University of Utah Health Care has been awarded LEED® Gold certification for their South Jordan Health Center in Daybreak. The award was established by the U.S. Green Building Council and verified by the Green Building Certification Institute (GBCI). LEED is the nation’s preeminent program for the design, construction and operation of high performance green buildings.
“We are very proud of our LEED certification,” says David Entwistle, CEO, University of Utah Hospitals and Clinics. “We are committed to providing healthy environments for our patients, employees and the larger community.”
The University’s South Jordan Health Center achieved LEED certification for energy use, lighting, water and material use as well as incorporation a variety of other sustainable strategies. By using less energy and water, LEED certified buildings save money for families, businesses and taxpayers; reduce greenhouse gas emissions; and contribute to a healthier environment for residents, workers and the larger community.
“The Green building movement offers an unprecedented opportunity to respond to the most-important challenges of our time, including global climate change, dependence on non-sustainable and expensive sources of energy, and threats to human health,” said Rick Fedrizzi, President, CEO & Founding Chair, U.S. Green Building Council. “The work of innovative building projects such as the South Jordan Health Center is a fundamental driving force in the green building movement.”
The South Jordan Health Center is the 4th LEED certified building to be constructed in Daybreak.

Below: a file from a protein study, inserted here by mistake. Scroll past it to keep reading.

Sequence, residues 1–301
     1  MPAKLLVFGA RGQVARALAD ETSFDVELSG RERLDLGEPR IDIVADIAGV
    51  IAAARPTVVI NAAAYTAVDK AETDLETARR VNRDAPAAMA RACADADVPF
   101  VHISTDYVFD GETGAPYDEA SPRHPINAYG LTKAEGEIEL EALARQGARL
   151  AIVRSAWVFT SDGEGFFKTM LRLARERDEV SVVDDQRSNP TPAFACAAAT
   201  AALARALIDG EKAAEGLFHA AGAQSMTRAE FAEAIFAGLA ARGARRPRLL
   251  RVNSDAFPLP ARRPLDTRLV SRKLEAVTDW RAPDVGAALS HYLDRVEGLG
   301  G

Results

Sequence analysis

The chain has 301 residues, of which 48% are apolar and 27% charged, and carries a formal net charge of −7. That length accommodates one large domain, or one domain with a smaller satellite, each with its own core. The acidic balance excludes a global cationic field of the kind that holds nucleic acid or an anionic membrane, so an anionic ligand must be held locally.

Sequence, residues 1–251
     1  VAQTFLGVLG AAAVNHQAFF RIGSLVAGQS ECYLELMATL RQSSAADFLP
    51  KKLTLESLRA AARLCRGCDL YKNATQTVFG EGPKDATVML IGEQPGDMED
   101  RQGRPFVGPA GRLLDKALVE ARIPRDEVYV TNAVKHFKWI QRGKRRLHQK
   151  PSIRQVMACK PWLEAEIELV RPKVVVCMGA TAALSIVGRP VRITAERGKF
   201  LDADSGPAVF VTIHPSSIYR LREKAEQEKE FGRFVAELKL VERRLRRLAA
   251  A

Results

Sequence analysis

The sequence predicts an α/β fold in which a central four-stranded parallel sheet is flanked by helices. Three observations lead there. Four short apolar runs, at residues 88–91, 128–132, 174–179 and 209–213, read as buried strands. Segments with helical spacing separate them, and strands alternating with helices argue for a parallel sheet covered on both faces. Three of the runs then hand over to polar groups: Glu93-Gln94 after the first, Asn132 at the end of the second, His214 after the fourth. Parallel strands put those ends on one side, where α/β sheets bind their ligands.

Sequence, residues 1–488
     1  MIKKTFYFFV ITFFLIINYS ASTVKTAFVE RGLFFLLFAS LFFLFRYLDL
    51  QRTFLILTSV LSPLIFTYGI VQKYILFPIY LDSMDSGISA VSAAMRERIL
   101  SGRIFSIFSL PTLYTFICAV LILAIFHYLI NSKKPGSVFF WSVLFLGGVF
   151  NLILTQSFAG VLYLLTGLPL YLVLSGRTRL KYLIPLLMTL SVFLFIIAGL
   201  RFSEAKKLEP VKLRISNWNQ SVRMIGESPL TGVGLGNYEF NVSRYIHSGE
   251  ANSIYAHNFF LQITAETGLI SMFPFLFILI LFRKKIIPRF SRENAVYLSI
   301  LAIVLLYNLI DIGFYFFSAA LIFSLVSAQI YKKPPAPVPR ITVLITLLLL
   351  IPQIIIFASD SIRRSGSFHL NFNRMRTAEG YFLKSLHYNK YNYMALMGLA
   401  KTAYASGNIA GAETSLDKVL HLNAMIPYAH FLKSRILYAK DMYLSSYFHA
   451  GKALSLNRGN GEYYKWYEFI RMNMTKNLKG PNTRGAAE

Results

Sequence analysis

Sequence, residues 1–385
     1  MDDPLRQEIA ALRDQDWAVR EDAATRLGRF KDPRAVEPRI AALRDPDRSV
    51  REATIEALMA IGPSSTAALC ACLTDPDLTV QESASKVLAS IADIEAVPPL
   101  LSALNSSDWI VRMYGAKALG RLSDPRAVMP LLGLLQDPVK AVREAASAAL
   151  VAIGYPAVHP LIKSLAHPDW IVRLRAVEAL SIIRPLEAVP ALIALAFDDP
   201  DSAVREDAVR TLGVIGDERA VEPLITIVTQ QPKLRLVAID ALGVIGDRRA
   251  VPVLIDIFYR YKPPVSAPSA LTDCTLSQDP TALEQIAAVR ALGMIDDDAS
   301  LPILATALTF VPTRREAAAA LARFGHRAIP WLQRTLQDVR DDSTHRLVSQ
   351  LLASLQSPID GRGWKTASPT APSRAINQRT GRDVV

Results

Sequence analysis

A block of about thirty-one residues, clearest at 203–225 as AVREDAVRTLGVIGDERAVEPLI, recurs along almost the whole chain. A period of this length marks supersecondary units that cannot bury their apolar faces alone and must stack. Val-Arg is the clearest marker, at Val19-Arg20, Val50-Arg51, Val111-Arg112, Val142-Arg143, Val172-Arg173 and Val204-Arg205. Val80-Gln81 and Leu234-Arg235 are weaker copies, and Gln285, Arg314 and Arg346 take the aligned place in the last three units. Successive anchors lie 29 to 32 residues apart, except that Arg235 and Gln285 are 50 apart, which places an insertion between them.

LEED Gold certification of the South Jordan Health Center was based on a number of green design and construction features that positively impact the project itself and the broader community. These features include the following:
- Locating the facility next to alternative transportation solutions (light rail & bus lines)
- Promoting the use of fuel-efficient vehicles by designating the closest parking stalls for their use
- Using drought-tolerant indigenous landscaping to reduce water needs by 87%
- Installing water-efficient plumbing fixtures to reduce water usage by 20%
- Using low VOC-emitting materials for cleaner air
- Using exterior building materials and construction methods designed to reduce heat gain and loss
- Designing for maximum natural light and using highly efficient glass to provide views without extra energy use
- Diverting 75% of the building construction waste to recycling centers instead of landfills
- Using more than 20% of building materials from recycled sources
- Using regional sources for materials whenever possible to support local business and reduce negative environmental impacts due to shipping